Lord Lyell, who sat as a hereditary peer, sadly died earlier this year. A by-election was held in which the only candidates could be hereditary peers whose families had served the state or royalty or somebody in the past. Perhaps Lord Mostyn, who owns Mostyn Hall in my constituency of Delyn and who was a candidate for that election, was from that constituency, but none of my other constituents could apply.
This is a flavour of some of the candidates: the Fifth Baron Bethelll, an old Etonian; the Fifth Baron Biddulph, who owns 1,000 acres on the banks of the Tweed; the Fourth Baron Gainford, aged 92, who promised in his manifesto not to attend the Lords casually; the Seventh Baron Hampton; the Third Baron Hankey; the Seventh Baron Harlech, another old Etonian; the Eighth Earl of Harrowby, another old Etonian; Viscount Hood who – surprise – went to Eton. I have no objection at all to people who go to Eton being elected to the Houses of Parliament. However, it is wrong in the 21st century to have a small pool of people for the 27 candidates who had, for example, given service to the previous monarch and included the Fourth Earl Lloyd-George; the Fourth Viscount Mountgarret; Lord Somerleyton; and the Earl of Stockton.The relatives of two former prime ministers and lots of people from Eton were fighting for a place in Parliament, in an election in which none of my constituents could stand.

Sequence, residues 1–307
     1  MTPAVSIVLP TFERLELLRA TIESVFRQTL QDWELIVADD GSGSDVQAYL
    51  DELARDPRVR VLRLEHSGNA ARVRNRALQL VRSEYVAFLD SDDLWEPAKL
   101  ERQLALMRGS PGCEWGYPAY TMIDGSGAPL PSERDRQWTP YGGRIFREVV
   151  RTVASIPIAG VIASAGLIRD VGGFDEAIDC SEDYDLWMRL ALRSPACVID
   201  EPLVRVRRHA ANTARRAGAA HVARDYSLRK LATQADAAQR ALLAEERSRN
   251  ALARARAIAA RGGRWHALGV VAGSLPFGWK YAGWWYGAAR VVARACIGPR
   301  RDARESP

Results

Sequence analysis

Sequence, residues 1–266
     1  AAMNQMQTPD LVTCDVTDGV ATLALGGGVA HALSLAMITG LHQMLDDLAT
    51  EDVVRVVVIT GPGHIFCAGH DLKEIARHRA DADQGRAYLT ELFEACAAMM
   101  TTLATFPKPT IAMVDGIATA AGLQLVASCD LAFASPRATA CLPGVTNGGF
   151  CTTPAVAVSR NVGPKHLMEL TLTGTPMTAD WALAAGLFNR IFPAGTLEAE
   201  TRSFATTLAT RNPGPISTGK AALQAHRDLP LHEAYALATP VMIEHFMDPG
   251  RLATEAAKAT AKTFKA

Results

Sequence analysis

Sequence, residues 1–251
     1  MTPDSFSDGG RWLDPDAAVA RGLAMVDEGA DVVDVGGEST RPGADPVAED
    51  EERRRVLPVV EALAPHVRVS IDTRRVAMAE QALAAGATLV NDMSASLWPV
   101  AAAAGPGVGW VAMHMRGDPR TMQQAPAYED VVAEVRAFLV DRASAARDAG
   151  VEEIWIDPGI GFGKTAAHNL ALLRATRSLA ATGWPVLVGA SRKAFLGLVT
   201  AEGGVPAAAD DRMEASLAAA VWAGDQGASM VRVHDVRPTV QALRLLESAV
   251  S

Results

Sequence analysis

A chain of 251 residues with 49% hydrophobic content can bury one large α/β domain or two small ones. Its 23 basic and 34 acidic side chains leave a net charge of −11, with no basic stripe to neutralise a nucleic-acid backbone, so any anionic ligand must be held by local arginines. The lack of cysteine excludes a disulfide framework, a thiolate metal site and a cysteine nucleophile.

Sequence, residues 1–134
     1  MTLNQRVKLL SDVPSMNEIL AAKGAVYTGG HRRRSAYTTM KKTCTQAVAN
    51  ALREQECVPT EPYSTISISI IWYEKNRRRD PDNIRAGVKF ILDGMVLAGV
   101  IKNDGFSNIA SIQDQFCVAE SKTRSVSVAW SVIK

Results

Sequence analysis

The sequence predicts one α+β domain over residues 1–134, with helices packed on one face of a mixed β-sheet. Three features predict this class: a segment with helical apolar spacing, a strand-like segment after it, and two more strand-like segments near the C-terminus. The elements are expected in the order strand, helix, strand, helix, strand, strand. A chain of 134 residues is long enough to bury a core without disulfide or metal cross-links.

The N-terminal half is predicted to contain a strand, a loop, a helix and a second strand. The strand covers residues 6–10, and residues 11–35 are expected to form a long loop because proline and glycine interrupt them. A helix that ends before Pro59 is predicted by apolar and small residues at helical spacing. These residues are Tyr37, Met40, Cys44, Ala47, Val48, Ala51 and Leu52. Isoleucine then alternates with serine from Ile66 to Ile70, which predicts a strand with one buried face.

Lord Colgrain won with 143 votes and will take his seat in the House of Lords in due course. The turnout was 346 out of a total electorate is 803. The winning share of the total vote was 17 per cent, and the turnout – even in this election, among such highly tuned politi per cent.